Marine Corps Ball, November 1974, Saigon

Long ago in this blog, I wrote a post about the last Marine Corps Ball in Vietnam. I’ll never forget that evening.

The Vietnam peace accords of 1973 required the withdrawal of U.S. armed forces; no more than fifty U.S. military personnel could be in country at any given time. After 1973, there were more Marines in South Vietnam than any other service. That was because the U.S. embassy was guarded by Marines. And in fact the last person evacuated at the very end was a Marine.

Throughout my thirteen years on and off in Vietnam, my work with Marine units was the most satisfying. The Marines readily accepted and acted on the intelligence I was able to give them. And the Marines saved my life when Saigon fell. Readers of this blog have noted that I always capitalize “Marine.” That is my way of honoring them.

My novel set during the fall of Saigon, Last of the Annamese, opens with the protagonist, Chuck Griffin, preparing to attend the Marine Corps Birthday Ball at the Gia Long Palace in Saigon on 10 November 1974. One of his housemates, Sparky, is, like Chuck, a retired Marine officer; the other, Ike, is an active duty Marine officer, assigned to the embassy. All three will be at the celebration.

The ball is always held on the Corps birthday (10 November). Among Marines, a private joke is that 11 November, Veterans Day, is really a national holiday to allow the Marines to recover from the birthday bash. In my time working with Marines in Vietnam, the celebration was always major. During my last years in Saigon, the Marine Corps Birthday Ball was the social highlight of the year. As an office head, I was required to attend, but I also always had multiple invitations from the Marines I worked with. It was a formal affair. That meant a tuxedo for me and a full-length evening gown for my wife.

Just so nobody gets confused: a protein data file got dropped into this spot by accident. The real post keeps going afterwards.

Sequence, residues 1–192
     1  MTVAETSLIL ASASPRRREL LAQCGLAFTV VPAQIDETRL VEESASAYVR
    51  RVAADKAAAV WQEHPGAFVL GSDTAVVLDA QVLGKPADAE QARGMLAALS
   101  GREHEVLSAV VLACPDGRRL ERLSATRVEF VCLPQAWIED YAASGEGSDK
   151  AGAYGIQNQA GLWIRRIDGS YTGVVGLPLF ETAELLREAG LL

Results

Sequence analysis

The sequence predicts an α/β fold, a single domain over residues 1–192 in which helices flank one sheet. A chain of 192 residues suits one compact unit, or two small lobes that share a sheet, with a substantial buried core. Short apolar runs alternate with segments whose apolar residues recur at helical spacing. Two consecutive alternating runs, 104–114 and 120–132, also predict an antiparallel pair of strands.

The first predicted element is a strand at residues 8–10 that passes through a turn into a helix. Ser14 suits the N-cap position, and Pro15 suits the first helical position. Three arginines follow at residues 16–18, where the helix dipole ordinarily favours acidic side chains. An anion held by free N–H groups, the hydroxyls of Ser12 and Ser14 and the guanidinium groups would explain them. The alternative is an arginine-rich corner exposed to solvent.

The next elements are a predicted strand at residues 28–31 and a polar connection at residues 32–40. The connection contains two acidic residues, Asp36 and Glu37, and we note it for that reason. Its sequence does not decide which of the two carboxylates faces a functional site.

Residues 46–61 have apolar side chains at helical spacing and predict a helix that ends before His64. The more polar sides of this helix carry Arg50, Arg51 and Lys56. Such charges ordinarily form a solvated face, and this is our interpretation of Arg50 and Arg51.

The ball described in Annamese is the last one I attended in Saigon, on 10 November 1974. It was formal to the nines, even though there were few Marines in country. All traditions were observed, even the cake-cutting with a ceremonial sword. Yet amid the festivities was a detectable unease—so many of us knew from intelligence that the North Vietnamese forces were growing stronger through massive infiltration of men and matériel. Some, myself included, doubted that South Vietnam would survive another year.

It didn’t. It fell six months later.

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